Ray Davies – Working Man’s Café

Former Muswell Hillbilly emigrates, gets shot, recovers

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You only have to listen to “Waterloo Sunset” to realise that Ray Davies has always had a tendency to wrap his disillusionment in the flag of nostalgia. He hankers for the past on this new album too, but with a brusqueness which would have embarrassed his younger self – before finally dragging himself back towards something approaching contentment.

‘Working Man’s Café’ captures Davies’s revulsion with Blair’s Britain, his relocation to New Orleans, and the reflections on mortality which followed his shooting in the Crescent City (after chasing a mugger). Some of the material is mined directly from his experience. “Morphine Song” is a soap opera observed from his hospital bed, held together by a chorus of “listen to my heartbeat”, while the anthemic “Peace in Our Time” has him pining for peace of mind in a troubled world.

Musically, the transatlantic travel hasn’t been entirely beneficial. There are times when the playing of the session band is slick to the point of blandness, and the production (by Davies and Ray Kennedy) is crisply tasteful when the songs cry out for dissonance. Given the obvious influence of Davies on Pete Doherty, it’s tempting, in the more placid passages, to imagine what Mick Jones might have done with these songs. And it’s alarming, on the Victor Meldrewish “In A Moment”, to realise that Davies – that scion of Englishness – is singing in an American accent.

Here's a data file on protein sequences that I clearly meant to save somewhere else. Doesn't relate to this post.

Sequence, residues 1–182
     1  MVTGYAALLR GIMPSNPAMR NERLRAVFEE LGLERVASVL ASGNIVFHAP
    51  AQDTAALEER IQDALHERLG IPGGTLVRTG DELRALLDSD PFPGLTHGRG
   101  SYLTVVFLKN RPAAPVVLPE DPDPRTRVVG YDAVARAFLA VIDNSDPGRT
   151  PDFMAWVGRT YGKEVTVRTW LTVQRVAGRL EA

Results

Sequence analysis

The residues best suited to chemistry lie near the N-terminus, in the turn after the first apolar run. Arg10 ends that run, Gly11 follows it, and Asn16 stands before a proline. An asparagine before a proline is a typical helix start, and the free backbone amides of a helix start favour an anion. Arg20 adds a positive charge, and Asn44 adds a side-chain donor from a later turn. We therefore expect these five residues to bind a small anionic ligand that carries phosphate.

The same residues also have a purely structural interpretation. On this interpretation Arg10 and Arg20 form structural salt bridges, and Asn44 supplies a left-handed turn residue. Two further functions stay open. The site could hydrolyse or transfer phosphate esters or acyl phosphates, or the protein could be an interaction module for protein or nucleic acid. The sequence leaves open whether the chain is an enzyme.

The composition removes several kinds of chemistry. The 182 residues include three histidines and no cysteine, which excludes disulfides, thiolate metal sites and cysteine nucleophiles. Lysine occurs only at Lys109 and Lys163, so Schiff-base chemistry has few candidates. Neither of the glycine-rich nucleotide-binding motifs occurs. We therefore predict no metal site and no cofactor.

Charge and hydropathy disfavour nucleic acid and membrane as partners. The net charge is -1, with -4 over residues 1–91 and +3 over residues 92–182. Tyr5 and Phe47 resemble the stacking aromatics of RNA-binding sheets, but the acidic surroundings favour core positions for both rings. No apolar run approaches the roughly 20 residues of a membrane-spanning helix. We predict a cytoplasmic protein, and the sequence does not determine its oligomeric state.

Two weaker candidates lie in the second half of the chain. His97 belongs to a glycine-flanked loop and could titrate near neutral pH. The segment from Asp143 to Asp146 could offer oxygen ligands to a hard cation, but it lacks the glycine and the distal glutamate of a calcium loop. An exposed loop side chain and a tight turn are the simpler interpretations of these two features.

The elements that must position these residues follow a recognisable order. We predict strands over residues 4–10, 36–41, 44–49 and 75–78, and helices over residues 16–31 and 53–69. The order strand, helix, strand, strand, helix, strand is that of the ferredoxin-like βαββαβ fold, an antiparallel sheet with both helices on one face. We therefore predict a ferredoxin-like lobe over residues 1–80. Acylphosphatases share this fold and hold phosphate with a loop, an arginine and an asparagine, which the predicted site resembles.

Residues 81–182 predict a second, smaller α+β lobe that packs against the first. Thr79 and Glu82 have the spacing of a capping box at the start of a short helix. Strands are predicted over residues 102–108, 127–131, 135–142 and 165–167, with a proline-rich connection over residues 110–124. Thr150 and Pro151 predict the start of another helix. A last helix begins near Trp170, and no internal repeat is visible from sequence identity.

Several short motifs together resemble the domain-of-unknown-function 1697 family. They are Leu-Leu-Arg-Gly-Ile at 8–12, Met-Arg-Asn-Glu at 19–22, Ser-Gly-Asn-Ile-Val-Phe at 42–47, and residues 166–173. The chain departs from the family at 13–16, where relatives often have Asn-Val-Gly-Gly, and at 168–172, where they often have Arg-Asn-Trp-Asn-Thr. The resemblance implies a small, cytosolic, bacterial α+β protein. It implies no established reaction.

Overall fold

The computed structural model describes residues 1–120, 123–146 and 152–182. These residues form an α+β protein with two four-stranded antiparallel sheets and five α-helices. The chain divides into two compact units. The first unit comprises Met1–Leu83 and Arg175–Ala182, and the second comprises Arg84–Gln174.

But when it works, it works. The beautifully sung closer, “The Real World”, isn’t strictly autobiographical, but it does explore the wanderlust which took Davies to Louisiana, before concluding that travel doesn’t necessarily cure a lost soul. Best of all is the pensive title track, with an Estuary-accented Davies complaining about the creeping Americanisation of England, loans, equity relief, mortgages and internet cafes, before locating his identity in a working man’s café. “In case you forgot who I am,” he sings, “I’m a kid with a greasy spoon firmly held in my hand.” Welcome home, Ray.



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